What is the possible pathological basis for the reversible conduction failure seen in the above conditions that are associated with the anti-GQ1b antibodies? IgG anti-GM1 or -GD1a antibodies are associated with reversible conduction slowing or block in AMAN and acute motor-sensory axonal neuropathy.1 ,21 The antiganglioside antibodies disrupted the nodes and paranodes in motor or sensory nerves via complement pathway in human and rabbits with AMAN or acute motor-sensory axonal neuropathy.2 ,4 ,36 Sodium channel clusters disappeared at the nodes and terminal myelin loops detach at the paranode in motor or sensory nerves, which was followed by the reappearance of sodium channel clusters in the rabbits.2 ,4 IgG monoclonal anti-GD1a antibody injected into rat sciatic nerves caused deposition of IgG and complement products on the nodal axolemma and disrupted clusters of nodal and paranodal molecules predominantly in motor nerves, and induced reversible motor nerve conduction block.4
Reversible conduction failure in the sensory nerves has been seen in patients with acute ataxic neuropathy associated with IgG anti-GD1b or -GQ1b antibodies.37 ,38 In a rabbit model of acute ataxic neuropathy associated with IgG anti-GD1b antibodies, complement-mediated nodal disruption was observed predominantly in sensory nerves.4 Injection of IgG monoclonal anti-GD1b antibody induced nodal disruption predominantly in sensory nerves. Anti-GQ1b antibody immunostained the paranodal regions of extramedullary portion of the human oculomotor, trochlear and abducens nerves,39 although the GQ1b localisation has yet to been shown in the motor or sensory nerves in the limbs. Thus, nodal and paranodal disruption may be a common mechanism of immune-mediated neuropathies associated with autoantibodies to gangliosides GM1, GD1a, GD1b or GQ1b, providing an explanation for the reversible conduction failure.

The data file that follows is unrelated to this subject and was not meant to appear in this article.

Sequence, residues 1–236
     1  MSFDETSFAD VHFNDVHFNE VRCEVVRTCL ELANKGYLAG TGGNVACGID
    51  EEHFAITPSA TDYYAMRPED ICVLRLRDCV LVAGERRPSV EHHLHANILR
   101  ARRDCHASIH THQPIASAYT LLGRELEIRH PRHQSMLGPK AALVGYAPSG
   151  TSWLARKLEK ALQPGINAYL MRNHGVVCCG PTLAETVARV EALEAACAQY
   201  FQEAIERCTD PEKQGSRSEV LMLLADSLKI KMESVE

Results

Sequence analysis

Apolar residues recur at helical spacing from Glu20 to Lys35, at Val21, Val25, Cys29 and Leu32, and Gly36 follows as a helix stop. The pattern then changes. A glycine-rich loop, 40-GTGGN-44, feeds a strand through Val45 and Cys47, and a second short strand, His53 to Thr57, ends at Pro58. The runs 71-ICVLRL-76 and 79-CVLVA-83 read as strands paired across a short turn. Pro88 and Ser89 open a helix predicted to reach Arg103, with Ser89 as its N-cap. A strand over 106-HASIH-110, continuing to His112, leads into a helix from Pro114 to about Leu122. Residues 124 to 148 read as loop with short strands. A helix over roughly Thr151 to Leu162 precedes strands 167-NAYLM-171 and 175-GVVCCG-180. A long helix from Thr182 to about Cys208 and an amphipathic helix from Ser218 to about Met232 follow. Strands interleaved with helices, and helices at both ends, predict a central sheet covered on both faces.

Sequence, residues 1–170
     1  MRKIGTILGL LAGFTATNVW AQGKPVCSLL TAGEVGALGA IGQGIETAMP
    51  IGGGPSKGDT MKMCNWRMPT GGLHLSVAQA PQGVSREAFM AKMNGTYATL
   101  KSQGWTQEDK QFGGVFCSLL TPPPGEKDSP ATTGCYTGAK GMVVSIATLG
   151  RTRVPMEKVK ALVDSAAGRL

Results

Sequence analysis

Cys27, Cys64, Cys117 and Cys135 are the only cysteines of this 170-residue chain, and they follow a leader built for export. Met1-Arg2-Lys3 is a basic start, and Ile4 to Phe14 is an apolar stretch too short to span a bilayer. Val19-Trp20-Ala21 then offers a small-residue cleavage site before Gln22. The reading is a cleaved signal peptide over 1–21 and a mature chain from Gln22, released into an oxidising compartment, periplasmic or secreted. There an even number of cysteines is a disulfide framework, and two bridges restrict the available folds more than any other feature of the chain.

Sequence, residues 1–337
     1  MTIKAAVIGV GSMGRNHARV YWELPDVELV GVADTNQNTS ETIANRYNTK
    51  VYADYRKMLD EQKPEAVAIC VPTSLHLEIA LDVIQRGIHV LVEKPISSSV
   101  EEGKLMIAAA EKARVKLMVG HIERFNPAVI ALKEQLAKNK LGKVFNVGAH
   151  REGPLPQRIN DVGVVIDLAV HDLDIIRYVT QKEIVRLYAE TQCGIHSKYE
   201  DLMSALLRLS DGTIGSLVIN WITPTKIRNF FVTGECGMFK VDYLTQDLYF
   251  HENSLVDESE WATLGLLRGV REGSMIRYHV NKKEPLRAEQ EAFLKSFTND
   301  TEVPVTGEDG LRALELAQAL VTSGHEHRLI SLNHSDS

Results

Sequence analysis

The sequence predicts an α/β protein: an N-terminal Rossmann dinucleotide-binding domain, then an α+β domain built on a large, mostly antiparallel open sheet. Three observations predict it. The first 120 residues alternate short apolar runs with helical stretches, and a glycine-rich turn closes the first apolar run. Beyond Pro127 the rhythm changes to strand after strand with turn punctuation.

The molecular mimicry between human gangliosides and C jejuni lipo-oligosaccharides underlies the pathophysiology of axonal forms of GBS and determines if patients develop AMAN or anti-GQ1b antibody syndrome.40 The enzyme, Campylobacter sialyltransferase CstII, is essential for the biosynthesis of ganglioside-like lipo-oligosaccharides.41 Enteritis caused by C jejuni carrying the gene cstII (Thr51) and expressing GM1- or GD1a-like lipo-oligosaccharide on its cell surface may induce IgG anti-GM1 or -GD1a antibodies that bind to GM1 or GD1a at the nodal and paranodal axolemma in the motor nerves,2 ,4 induce the limb weakness and develop AMAN.40 In contrast, cstII (Asn51) expresses GQ1b-like lipo-oligosaccharide. Infection with such a strain may induce IgG anti-GQ1b antibodies that bind to GQ1b at the oculomotor nerves or muscle spindles in the limbs,42 ,43 induce ophthalmoplegia or ataxia and develop FS, BBE, AO or acute ataxic neuropathy.40 Remarkably, some patients with FS/GBS or BBE/GBS have been shown to carry antibodies against GM1, GD1a and GQ1b.44 Therefore, it appears that cstII (Thr/Asn51) polymorphism can induce, depending on host factors, the synthesis of anti-GM1, -GD1a or -GQ1b antibodies or a combination and, therefore, may induce AMAN, FS, FS/GBS or BBE/GBS. In context of the above-described immunopathology, our findings of AMAN-like electrodiagnostic changes in FS/GBS and BBE/GBS are not surprising.
In conclusion, serial nerve conduction studies revealed that six of the 15 patients with FS and related conditions showed reversible conduction failure resembling AMAN. Of equal importance is the lack of any signs of demyelination or remyelination in all the 15 patients. These findings suggest a primary non-demyelinating pathology for these disorders, collectively referred to as anti-GQ1b antibody syndrome. Like AMAN, the pathology of the anti-GQ1b syndrome is likely to be nodal and paranodal dysfunction of the axolemma. We believe anti-GQ1b antibody syndrome lies in the spectrum of axonal GBS.
Funding This study was supported by the National Medical Research Council (IRG 10nov086 to N.Y.) and the Ministry of Health and Yong Loo School of Medicine Start-up Grant (N.Y.) in Singapore.
Competing interests None.
Patient consent Obtained.
Ethics approval Ethics approval was provided by the Institutional Review Board of National Neuroscience Institute, Singapore.
Provenance and peer review Not commissioned; externally peer reviewed.